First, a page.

Teach for America
New York, New York
President: Wendy Kopp
What it does: Teach for America runs a service corps of recent college graduates who are trained and placed for two years as teachers in low-income urban and rural public schools. Smart, dedicated teachers, it believes, will go beyond traditional expectations. But the real payoff is in the long term: TFA graduates, it hopes, will become lifelong leaders in expanding educational opportunity in the United States.
Results: TFA has 3,500 corps members teaching in more than 1,000 schools; a 2004 study found that students of corps members exceeded expectations in both math and reading.
Aspiration and growth: A
At Teach for America, we believe that the gap in educational outcomes that persists along socio-economic and racial lines is our nation's greatest domestic challenge, and that it must be our generation's civil rights movement. Educational disparities are greater in our country than in almost any other industrialized nation. In America today, 9-year-olds in urban and rural areas are already three grade levels behind kids in wealthier suburbs, only about half of high school students in urban areas graduate, and those who do graduate often read below basic levels.
Teach for America is building the movement to fight this injustice by enlisting our nation's most promising future leaders in the effort. We build a highly selective service corps of outstanding recent college graduates of all academic majors and career paths who commit two years to teach in urban and rural public schools and become lifelong leaders in pursuit of educational excellence and equity.
In the short-run, our corps members have a significant impact in the lives of our nation's most disadvantaged students. At the same time, through their teaching experience, corps members gain insight and conviction that influences their career trajectories and civic consciousness, making them a powerful leadership force working from within education and from outside of it to affect the fundamental, systemic changes necessary to ensure educational opportunity for all.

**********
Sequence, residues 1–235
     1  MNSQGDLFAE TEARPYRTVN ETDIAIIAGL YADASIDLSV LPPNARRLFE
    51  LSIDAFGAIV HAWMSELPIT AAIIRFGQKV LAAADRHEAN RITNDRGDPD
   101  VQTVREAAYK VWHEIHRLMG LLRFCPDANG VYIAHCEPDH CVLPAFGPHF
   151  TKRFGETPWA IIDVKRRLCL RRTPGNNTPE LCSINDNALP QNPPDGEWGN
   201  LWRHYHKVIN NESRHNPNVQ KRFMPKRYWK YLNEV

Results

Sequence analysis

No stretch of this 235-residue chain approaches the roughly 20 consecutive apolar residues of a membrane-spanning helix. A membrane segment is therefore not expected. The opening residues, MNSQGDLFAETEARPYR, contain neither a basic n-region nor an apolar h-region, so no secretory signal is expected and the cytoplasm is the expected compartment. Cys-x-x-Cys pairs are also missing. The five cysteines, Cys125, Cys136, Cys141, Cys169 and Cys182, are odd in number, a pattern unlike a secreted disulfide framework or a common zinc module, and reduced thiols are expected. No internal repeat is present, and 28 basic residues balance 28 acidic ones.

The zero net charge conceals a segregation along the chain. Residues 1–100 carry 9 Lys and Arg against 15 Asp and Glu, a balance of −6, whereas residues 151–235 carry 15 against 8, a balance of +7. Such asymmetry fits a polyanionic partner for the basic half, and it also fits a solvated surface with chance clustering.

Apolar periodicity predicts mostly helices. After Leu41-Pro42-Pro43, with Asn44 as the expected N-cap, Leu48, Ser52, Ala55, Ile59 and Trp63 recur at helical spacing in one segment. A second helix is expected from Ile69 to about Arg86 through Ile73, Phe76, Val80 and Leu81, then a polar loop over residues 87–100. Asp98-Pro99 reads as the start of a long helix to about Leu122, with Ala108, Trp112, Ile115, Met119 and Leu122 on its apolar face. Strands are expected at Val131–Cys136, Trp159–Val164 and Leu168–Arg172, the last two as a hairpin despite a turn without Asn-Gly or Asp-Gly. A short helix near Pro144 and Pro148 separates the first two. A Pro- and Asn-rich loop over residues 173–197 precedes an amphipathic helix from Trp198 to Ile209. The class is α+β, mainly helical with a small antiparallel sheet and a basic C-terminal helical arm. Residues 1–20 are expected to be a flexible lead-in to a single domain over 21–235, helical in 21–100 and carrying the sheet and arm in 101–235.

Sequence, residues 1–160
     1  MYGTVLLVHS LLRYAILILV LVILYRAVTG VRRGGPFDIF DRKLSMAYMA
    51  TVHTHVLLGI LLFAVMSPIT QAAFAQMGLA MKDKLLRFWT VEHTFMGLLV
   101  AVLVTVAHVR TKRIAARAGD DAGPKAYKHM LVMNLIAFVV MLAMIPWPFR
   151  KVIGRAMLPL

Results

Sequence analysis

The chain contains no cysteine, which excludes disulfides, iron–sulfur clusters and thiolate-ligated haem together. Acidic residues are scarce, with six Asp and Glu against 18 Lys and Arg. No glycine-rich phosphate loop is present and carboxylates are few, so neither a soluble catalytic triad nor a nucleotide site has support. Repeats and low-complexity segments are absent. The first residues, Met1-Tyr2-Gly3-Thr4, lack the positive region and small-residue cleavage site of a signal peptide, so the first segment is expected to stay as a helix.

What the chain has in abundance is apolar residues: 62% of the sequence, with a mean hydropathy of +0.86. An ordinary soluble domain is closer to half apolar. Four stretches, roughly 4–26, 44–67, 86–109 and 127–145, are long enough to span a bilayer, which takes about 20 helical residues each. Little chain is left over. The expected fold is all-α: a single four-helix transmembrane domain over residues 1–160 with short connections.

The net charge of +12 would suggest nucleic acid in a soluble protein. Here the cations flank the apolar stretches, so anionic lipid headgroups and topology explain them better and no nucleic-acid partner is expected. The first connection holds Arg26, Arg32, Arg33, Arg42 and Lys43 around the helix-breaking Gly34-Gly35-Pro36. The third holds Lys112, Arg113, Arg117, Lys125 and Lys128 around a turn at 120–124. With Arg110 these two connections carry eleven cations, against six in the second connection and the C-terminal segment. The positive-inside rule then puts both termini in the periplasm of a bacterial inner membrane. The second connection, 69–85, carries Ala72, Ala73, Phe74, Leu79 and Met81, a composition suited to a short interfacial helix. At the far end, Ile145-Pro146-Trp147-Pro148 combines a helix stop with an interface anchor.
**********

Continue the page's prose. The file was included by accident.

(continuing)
Last year, more than 17,000 outstanding recent college graduates applied to Teach for America, including 12% of Yale and Spelman seniors and 8% of Harvard's and Yale's senior classes. Of this pool, 2,100 joined Teach for America, making it one of the country's top 10 employers of top recent college graduates.
Today, 3,500 corps members reach more than 250,000 students each day. An independent study found that the students corps members teach learn more than is typically expected in a year. At the same time, our more than 10,000 alumni--still in their twenties and thirties--are already assuming significant leadership roles in the broader reform efforts. They are running some of the most acclaimed schools in urban and rural areas, advising governors and senators on education policy, marshaling the resources of business and law firms toward expanding educational opportunity, and winning the highest acclaims teachers can win. In fact, the 2005 National Teacher of the Year is an alumnus of Teach for America.
In October of this year, Teach for America launched an ambitious five-year plan to grow our impact. By becoming the nation's top employer of top recent college graduates, we will provide hundreds of thousands more disadvantaged students with teachers who will make a real difference in their lives. At the same time, we will influence the quality of future civic and educational leadership and, we believe, the consciousness of our country.
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